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Sequence modeling and design from molecular to genome scale with Evo

Professor Brian Hie ( Department of Chemical Engineering, Stanford University )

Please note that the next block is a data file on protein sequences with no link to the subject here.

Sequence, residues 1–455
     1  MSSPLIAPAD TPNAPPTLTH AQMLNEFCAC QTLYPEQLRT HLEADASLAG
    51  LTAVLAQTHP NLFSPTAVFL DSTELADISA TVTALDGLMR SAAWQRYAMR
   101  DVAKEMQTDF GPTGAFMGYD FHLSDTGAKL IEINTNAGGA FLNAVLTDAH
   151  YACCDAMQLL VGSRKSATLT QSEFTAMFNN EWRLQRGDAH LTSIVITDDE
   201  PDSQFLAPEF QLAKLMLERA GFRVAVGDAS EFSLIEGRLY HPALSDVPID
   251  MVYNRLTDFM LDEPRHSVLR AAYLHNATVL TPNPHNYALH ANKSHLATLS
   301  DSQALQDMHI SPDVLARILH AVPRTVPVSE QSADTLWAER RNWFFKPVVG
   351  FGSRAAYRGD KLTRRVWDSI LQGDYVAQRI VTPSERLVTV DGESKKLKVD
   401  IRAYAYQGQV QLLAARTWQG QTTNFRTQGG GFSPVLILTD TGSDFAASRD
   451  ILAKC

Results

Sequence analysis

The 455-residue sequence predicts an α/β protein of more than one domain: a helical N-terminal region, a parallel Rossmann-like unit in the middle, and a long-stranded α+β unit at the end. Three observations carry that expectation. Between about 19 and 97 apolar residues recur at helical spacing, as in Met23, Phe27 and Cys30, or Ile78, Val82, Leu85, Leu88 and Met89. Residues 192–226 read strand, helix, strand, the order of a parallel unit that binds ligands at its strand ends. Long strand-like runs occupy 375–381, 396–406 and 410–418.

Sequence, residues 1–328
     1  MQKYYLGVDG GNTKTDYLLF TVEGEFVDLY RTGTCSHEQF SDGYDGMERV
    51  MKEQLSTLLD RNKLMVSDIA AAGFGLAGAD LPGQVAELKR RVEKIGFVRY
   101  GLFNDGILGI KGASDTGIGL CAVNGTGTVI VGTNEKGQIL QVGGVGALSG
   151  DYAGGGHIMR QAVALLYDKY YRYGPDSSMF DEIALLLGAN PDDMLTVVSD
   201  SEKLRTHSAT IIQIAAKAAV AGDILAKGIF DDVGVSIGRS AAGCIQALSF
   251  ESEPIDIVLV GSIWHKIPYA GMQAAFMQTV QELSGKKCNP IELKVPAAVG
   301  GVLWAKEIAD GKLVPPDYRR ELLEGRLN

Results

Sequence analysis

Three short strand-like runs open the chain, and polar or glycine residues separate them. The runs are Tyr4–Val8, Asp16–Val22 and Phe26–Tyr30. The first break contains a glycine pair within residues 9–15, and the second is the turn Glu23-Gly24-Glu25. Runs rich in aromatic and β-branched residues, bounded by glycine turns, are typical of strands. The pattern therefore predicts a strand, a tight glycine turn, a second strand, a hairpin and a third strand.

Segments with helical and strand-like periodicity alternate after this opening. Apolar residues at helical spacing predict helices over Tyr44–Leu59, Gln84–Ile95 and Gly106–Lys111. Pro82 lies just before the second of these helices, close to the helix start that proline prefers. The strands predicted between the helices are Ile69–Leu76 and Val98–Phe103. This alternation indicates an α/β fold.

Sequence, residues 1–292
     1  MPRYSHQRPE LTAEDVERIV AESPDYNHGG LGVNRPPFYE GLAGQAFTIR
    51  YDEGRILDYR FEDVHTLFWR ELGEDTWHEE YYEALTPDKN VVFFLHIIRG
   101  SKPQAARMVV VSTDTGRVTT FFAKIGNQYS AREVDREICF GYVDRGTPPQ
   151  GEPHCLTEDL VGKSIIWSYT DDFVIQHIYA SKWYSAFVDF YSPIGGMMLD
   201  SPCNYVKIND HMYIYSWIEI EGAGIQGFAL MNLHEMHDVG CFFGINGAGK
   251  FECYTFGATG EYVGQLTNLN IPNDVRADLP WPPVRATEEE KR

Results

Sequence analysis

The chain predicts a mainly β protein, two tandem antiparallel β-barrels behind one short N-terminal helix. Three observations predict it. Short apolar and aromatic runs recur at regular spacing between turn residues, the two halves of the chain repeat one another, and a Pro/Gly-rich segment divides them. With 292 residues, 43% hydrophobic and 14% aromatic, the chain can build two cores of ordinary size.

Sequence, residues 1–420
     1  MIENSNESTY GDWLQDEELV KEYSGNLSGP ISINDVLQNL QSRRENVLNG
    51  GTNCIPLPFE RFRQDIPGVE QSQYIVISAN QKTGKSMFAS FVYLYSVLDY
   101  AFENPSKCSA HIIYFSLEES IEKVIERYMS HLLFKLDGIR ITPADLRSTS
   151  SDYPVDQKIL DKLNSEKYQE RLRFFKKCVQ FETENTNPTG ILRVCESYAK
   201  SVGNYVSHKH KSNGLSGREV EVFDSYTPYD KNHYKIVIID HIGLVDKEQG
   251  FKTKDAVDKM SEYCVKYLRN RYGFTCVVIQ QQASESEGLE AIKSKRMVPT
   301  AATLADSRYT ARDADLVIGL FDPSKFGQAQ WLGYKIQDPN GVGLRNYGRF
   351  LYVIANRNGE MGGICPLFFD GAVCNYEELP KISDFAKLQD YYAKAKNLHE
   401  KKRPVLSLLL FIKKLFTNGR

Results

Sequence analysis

The genome is a sequence that completely encodes the DNA, RNA, and proteins that orchestrate the function of a whole organism. Advances in machine learning combined with massive datasets of whole genomes could enable a biological foundation model that accelerates the mechanistic understanding and generative design of complex molecular interactions. We report Evo, a genomic foundation model that enables prediction and generation tasks from the molecular to genome scale. Using an architecture based on advances in deep signal processing, we scale Evo to 7 billion parameters with a context length of 131 kilobases (kb) at single-nucleotide, byte resolution. Trained on 2.7M prokaryotic and phage genomes, Evo can generalize across the three fundamental modalities of the central dogma of molecular biology to perform zero-shot function prediction that is competitive with, or outperforms, leading domain-specific language models. Evo also excels at multi-element generation tasks, which we demonstrate by generating synthetic CRISPR-Cas molecular complexes and entire transposable systems for the first time. Using information learned over whole genomes, Evo can also predict gene essentiality at nucleotide resolution and can generate coding-rich sequences up to 650 kb in length, orders of magnitude longer than previous methods. Advances in multi-modal and multiscale learning with Evo provides a promising path toward improving our understanding and control of biology across multiple levels of complexity.



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